October 22, 2002, Tuesday
HUWE Heggblum has been caring for his wife, Adele, who has multiple sclerosis, since 1985. As her condition has deteriorated, Mr Heggblum has adjusted "bit by bit", learning in stages how to cope with his caring role.
For Mr Heggblum, protecting his wife's dignity and giving her some independence is paramount. At 73, he has successfully applied to the Port Adelaide/Enfield council to build a new house, designed to meet his wife's special needs and give her back some independence.
He says "life is what we make of it" and, for him, laughter is an important part of coping with the day-to-day difficulties of caring for another person.
Carers Awareness Week will seek to uncover some of the thousands of hidden carers, like Mr Heggblum, in our community who are providing high-level care for a family member or friend. It is estimated that as many as 200,000 carers in South Australia are not accessing support and services available to them in their caring role, most probably because they do not recognise themselves as carers.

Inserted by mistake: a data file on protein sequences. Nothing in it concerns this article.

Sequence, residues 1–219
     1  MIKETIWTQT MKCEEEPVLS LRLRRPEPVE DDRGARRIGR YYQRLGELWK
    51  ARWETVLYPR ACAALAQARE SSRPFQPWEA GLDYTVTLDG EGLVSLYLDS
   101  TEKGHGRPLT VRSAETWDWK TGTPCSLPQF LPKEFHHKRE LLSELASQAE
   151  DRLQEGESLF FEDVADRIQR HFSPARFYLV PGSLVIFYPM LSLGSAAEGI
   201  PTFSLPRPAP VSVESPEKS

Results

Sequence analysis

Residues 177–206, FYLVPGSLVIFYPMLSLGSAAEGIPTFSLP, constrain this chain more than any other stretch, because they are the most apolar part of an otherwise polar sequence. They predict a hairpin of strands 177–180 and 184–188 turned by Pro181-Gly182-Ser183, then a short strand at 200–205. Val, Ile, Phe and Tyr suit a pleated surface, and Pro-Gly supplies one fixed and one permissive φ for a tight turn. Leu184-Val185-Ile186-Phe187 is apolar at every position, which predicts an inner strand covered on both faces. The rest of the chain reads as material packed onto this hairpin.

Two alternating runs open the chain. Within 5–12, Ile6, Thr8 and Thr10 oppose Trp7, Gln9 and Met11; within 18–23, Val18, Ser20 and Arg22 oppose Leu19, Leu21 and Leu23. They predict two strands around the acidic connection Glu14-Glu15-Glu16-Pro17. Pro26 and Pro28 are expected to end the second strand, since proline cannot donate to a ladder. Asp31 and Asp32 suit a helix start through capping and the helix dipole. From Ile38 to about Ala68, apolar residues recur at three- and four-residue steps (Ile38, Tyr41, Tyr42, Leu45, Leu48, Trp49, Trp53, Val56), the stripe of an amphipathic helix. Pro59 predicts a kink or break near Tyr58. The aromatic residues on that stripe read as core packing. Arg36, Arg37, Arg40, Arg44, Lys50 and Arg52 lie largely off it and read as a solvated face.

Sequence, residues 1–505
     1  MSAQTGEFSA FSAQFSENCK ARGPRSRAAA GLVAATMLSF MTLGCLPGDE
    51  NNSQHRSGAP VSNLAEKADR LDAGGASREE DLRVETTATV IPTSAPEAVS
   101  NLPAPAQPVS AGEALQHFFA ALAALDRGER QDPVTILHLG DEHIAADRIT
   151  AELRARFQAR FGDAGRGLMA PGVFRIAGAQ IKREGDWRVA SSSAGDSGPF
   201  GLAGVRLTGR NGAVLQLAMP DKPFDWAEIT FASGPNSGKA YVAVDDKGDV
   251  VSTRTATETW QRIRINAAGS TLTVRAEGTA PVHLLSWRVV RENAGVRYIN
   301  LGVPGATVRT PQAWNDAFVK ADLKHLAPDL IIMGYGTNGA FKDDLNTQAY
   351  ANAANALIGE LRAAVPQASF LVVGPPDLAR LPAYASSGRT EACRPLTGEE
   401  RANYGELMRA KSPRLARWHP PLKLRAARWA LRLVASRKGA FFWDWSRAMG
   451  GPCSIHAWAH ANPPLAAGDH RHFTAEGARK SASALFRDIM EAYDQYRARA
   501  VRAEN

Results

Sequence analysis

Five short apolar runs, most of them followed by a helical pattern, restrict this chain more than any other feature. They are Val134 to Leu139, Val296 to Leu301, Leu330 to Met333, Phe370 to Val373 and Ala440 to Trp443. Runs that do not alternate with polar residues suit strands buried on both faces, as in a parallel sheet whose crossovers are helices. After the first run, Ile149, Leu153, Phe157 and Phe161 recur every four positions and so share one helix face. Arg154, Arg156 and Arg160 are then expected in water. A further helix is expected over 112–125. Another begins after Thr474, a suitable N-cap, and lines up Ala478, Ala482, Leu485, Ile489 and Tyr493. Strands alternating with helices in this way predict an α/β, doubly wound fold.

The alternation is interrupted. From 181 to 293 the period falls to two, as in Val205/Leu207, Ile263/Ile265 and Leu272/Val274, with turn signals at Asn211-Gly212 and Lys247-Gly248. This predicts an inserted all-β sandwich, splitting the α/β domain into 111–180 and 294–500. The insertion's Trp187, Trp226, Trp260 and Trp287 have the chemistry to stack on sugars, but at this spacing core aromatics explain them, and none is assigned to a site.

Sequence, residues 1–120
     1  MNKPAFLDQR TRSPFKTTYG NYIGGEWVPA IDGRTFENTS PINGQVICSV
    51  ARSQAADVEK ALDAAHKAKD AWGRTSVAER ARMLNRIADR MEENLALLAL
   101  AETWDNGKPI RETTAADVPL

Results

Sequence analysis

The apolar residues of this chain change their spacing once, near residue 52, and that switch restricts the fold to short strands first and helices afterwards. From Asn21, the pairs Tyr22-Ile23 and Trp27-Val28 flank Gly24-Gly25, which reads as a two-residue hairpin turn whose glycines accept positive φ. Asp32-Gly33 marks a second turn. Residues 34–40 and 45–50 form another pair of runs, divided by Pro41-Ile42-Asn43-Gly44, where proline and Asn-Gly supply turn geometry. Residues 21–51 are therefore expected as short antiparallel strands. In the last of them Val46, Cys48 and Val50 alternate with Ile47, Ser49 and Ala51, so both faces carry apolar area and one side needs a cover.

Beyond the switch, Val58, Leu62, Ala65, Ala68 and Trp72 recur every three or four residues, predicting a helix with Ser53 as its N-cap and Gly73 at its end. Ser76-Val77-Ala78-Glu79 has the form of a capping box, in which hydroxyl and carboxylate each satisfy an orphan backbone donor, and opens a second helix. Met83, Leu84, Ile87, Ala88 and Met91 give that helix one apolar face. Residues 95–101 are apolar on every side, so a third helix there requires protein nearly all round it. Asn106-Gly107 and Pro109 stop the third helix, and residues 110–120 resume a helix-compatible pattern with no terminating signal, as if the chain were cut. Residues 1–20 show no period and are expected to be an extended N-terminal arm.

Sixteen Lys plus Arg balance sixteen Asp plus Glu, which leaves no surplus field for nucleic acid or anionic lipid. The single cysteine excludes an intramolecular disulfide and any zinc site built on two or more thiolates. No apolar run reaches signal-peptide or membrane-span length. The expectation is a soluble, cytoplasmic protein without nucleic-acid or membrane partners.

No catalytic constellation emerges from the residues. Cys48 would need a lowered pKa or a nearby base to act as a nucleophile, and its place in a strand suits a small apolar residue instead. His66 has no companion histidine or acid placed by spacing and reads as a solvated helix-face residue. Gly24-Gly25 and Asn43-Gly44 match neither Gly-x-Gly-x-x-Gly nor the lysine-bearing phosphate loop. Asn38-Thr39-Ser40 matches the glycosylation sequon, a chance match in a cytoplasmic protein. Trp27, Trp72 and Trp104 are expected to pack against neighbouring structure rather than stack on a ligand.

Executive director of the Carers Association SA Rosemary Warmington says: "Carers commonly attribute a range of health problems associated with their responsibilities, including physical injuries from lifting and anxiety and depression." With access to support and services, caring can be rewarding and provide opportunities for personal growth and the development of new skills.
During Carers Awareness Week, Carers Association of SA is urging all carers who are not already in contact with the association to call 1800 815 549 or visit the information display in Rundle Mall on October 23.
"The display enables carers to learn more about what services and support are available to them," says Ms Warmington.
In 2001, 50 per cent of full-time carers reported an income of under $200 a week, according to the Carers Association SA. What is just as alarming is that there are 13,000 carers in South Australia under 18.
© Copyright 2002 Nationwide News Pty Limited